Everyone speaks English right? Wrong. There are a huge number of benefits associated with the learning of a new language, with much about foreign languages and their use remaining unknown to Brits.
What is the most spoken language in the world?
Unbeknown to many, the most widely spoken language in the world is surprisingly Chinese, Mandarin. With a population of over 1.3 billion, and a coverage of 9 and a half million kilometres, more than 90% of the country's population speak Mandarin. With many economists now stating that China will soon overtake the US as the world’s leading economic power, the idea of learning a language that almost 1 in 6 people on this planet speak is progressively becoming more appealing.
Second to Mandarin is Spanish. With the number of native speakers only marginally ahead of those that speak English, the real positive about the original ‘language of love’ lies in the opportunities that it brings in terms of South America and other parts of the globe. Countries like Mexico, Columbia, Argentina, Spain, Cuba, Dominican Republic and Puerto Rico are to name just a few of those with Spanish as their national language.
Following Spanish, we come to English which makes up the top 3. With over 360 million native speakers and more than half a billion who speak English as their second language, it is no surprise that it has been adopted as the globally recognised language for business, travel and international relations.
Why should I learn a foreign language?
As above-mentioned, the benefits of learning a new language are plentiful. The first and arguably most important refers to the need for us individuals to make ourselves stand out in the face of competition for jobs. With the number of students attending University having increased considerably in the last decade, a need exists for students to create ways to differentiate themselves from those who are competing with them for their dream job.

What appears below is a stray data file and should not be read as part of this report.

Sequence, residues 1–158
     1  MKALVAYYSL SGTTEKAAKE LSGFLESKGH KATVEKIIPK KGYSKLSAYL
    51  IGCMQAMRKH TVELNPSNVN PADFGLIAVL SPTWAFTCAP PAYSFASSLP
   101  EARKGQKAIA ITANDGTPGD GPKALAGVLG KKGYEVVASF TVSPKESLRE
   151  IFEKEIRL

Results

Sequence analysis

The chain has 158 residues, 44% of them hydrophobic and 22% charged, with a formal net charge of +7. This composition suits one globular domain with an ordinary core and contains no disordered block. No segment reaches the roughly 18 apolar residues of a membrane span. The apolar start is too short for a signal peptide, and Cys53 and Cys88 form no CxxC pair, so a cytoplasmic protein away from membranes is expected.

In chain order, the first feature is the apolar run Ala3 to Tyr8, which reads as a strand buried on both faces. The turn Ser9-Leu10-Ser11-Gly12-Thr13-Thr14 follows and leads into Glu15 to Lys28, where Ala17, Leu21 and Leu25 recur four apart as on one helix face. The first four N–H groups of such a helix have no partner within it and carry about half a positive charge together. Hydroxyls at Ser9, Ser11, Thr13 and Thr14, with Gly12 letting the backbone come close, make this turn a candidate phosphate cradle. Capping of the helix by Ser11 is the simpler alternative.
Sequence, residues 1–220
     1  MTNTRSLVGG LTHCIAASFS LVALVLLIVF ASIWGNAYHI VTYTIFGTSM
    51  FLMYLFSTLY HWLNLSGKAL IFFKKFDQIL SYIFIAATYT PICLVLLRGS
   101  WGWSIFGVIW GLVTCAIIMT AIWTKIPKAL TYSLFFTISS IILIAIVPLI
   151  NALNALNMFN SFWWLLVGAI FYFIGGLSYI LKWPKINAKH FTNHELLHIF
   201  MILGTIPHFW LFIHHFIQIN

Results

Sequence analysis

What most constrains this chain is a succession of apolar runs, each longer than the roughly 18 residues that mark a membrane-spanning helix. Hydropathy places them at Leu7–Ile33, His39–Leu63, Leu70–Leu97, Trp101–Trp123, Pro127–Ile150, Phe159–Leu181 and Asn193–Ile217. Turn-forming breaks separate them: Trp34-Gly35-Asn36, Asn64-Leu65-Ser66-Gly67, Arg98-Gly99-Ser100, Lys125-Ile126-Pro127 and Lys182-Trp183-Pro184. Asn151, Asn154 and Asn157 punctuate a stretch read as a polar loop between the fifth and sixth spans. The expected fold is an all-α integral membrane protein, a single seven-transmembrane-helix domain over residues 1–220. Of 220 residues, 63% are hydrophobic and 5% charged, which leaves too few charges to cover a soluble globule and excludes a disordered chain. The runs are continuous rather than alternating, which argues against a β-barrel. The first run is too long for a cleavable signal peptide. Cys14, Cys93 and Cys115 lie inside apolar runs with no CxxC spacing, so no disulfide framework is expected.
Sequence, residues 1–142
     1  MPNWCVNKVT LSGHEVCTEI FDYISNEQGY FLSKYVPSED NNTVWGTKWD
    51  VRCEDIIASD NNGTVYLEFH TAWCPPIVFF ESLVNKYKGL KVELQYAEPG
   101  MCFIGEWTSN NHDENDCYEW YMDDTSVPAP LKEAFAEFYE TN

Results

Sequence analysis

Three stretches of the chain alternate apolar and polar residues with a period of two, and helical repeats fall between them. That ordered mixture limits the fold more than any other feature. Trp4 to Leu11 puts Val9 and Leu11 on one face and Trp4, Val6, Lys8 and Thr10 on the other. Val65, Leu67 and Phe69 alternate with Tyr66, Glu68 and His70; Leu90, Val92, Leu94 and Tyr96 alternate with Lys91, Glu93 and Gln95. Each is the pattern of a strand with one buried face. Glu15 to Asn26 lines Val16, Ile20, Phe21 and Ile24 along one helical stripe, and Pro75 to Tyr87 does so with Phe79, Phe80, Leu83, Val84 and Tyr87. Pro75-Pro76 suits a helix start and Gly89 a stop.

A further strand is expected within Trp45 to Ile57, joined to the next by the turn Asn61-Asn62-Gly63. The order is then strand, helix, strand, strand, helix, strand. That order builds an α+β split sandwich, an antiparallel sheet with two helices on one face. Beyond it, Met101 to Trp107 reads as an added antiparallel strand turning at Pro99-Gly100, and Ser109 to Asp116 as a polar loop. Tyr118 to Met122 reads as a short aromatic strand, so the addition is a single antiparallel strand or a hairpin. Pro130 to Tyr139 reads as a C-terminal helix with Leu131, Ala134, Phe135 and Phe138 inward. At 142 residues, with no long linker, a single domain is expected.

As well as the benefits from a CV perspective, the global and internationalised markets in which most organisations trade has led to employers viewing a foreign language as an important asset when recruiting.
Away from the working world, health benefits can be experienced through the learning of a foreign language. Numerous studies investigating this, such as that by Marian and Shook, have demonstrated the cognitive benefits of learning a new language. Memory improvement, a longer attention span and a reduced risk of age-related cognitive decline are just a few of the known positive effects of learning more than one language.
How does this link to currency?
Now that the idea of learning a new language is becoming appealing, please do bear in mind that many of the countries you will now be wanting to visit thanks to your newly acquired language skills will use a different currency to that which you’re used to at home.
Let’s say you’ve decided to learn Spanish. We all know that Spain uses the euro, but what about the other countries in which Spanish is a national language? Cuba, Mexico, and Columbia are just a few of the Spanish speaking countries in South America which use the Peso. And all different kinds of Peso with their own exchange rates, too. In addition, many of them accept the US Dollar too.
Currency exchange for globetrotters
If you fancy becoming a seasoned traveller with your newly learnt language skills, moneycorp can help you make the most of your money with any international payments you need to make. Pay for all you need abroad using our moneycorp Explorer Card (supported by MasterCard) which is sent to you once your International Payments account is open. You may even decide to make one of your trips more permanent, and by opening an account with us today, you can reap all the benefits of having a foreign specialist at your side for all your FX needs.
Why not travel and learn a new language with a friend? Refer a friend and we'll add £75 to both your accounts!